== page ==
RFF Shout Out: Tech Exchange

28 Oct, 2021

RFF Shout Out: Tech Exchange

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Tech Exchange’s humble beginning started 25 years ago as a project in the basement of Oakland Technical High School, where founder Bruce Buckelew volunteered working with students to learn to refurbish old computers donated by IBM. Bucklew had the foresight that technology would revolutionize, but simultaneously widen gaps in education. Technology has continued to advance exponentially faster than the community’s access to it. He and a team of student interns saw the opportunity to create access to technology by recommissioning computers and giving them a second life after the corporate world. These second lives, whether as a computer in the first ever computer lab at Oakland Technical High School or as a machine that students could take home, have played essential roles in bridging the digital divide that has afflicted Oakland’s students and families.

Logo courtesy of Tech Exchange.

Tech Exchange has since morphed into a robust organization driven to create a digitally literate and proficient community with access to technology. This means that all community members have access to a computer, internet, and the technology skills necessary to advance and enhance their lives. Tech Exchange’s services improve the accessibility of online education, health, financial, and civic services to the community. 

Staying true to its roots, the organization continues to offer the internship program, providing students with hands-on experience in problem-solving, tech support, and building and refurbishing computer hardware. Tech Exchange’s events, Tech Nights, and Tech Fairs have become staples to the community. At these events, Tech Exchange offers digital skills workshops, free computers, and technical support, as well as support with signing up for affordable internet. 

Image courtesy of Tech Exchange

Tech Exchange’s agility in response to the COVID-19 pandemic is incredible. When Oakland students shifted to distance learning, the realities of the digital divide became glaringly undeniable. Working relentlessly in partnership with OUSD, the City of Oakland, the Oakland Public Education Fund, and Oakland Promise, Tech Exchange sprang into action to form like Voltron to defend digital access with the #OaklandUndivided project – a coalition working to ensure every Oakland public school student has the tools necessary to support online learning in their home. Together they provided access to computers, reliable internet connection, and ongoing tech support to Oakland students and their families. #OaklandUndivided has distributed over 34,000 computers since the beginning of the pandemic, and through the Tech Check Survey, have confirmed that 98% of Oakland public school students now have a device and internet access – a drastic increase from 12% before the pandemic.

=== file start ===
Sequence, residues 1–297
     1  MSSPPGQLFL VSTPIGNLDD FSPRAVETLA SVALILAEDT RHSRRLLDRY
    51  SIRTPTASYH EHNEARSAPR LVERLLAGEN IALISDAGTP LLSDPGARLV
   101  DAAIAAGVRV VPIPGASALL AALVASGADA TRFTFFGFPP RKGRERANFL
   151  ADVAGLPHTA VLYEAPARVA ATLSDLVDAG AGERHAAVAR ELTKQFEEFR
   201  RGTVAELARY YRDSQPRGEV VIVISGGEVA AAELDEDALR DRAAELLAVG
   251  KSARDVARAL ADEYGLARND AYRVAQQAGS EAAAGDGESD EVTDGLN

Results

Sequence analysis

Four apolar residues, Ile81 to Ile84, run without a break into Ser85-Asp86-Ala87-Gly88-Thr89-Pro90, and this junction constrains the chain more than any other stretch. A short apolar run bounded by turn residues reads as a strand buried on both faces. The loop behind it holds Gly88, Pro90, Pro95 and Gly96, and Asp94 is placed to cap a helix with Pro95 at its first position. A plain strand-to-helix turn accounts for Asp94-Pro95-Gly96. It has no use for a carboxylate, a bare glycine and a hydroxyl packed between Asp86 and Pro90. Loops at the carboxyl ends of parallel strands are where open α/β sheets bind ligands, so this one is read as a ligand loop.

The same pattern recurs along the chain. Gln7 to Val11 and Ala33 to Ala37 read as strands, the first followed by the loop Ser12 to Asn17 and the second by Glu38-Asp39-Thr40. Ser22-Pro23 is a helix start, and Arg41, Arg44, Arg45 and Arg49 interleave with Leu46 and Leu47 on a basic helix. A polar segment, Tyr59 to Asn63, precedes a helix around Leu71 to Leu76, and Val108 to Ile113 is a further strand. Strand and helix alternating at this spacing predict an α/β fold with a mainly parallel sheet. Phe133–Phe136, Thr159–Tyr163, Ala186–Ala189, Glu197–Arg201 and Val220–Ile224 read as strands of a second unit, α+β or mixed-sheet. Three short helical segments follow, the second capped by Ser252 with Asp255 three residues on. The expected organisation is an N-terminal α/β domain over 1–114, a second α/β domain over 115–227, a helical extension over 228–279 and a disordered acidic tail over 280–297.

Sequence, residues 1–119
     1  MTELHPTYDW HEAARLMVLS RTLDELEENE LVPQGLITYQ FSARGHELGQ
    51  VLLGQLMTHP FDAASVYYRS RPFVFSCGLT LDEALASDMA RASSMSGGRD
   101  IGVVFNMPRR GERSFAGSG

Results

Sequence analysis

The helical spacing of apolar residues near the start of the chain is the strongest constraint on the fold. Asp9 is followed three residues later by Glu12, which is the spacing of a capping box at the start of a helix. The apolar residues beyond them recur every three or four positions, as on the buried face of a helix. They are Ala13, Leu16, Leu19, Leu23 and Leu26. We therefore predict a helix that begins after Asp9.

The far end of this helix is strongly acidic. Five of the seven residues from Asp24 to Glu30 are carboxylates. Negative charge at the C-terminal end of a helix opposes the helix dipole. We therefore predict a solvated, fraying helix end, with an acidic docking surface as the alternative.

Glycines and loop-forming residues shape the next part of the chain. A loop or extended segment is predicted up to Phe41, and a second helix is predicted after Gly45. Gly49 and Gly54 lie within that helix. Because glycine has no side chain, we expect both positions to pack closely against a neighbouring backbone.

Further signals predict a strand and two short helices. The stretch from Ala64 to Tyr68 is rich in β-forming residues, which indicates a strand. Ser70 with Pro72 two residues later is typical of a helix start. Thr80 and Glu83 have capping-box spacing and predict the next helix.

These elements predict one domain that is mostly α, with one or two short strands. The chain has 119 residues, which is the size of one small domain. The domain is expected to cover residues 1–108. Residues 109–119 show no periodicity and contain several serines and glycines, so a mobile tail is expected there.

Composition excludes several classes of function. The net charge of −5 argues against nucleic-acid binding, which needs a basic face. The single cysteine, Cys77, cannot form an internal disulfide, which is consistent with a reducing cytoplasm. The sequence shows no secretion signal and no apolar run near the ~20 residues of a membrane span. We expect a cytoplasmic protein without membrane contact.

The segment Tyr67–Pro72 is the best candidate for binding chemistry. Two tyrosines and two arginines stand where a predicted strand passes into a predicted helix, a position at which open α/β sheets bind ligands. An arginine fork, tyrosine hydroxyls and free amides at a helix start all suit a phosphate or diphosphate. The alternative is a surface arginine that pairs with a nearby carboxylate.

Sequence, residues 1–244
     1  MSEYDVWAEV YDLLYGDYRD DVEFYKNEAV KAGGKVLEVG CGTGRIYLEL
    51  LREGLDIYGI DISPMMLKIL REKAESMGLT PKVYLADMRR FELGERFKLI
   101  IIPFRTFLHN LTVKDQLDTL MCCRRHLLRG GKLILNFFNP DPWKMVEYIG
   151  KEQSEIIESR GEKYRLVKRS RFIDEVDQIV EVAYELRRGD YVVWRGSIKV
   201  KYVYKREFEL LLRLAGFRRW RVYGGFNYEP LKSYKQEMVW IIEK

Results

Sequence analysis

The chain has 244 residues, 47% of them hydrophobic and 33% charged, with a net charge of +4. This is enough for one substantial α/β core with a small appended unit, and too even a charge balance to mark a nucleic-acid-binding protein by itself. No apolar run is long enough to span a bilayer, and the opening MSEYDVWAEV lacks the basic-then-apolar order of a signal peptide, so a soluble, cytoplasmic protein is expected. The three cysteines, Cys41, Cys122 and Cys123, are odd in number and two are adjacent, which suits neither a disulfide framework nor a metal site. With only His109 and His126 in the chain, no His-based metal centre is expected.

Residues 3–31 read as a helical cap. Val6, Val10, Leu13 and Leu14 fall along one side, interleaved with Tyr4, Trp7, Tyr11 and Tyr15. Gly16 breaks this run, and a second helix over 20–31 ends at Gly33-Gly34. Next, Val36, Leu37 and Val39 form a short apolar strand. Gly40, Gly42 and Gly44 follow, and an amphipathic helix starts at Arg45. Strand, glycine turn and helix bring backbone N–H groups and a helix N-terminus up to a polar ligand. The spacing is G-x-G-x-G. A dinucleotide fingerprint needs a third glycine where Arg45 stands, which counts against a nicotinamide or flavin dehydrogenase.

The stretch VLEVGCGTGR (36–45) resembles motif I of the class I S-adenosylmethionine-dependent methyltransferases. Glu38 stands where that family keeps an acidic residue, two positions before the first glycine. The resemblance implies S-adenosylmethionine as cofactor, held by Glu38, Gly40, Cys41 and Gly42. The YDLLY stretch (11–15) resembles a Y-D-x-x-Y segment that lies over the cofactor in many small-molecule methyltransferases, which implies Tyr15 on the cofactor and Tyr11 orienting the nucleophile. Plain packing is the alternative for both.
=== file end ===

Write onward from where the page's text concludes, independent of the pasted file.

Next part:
When asked about the best part of working at Tech Exchange, Director of Development Amy Himes says “We’re on the frontline making sure people have the tools they need, and we work with a team of passionate talented people. It feels like there are tons of possibilities with Tech Exchange.” Executive Director Seth Hubbert agreed that the Tech Exchange team is not only talented, but also reflective of the community they work in. “We have our internship and workforce development program where we get folks plugged into this work to build their skills, and then we hire from that group as well. The elegance of this operation sets itself up so that we bring in people who are passionate, dedicated, diverse, speak a variety of languages, and understand the impact that we can have with a small but mighty crew.”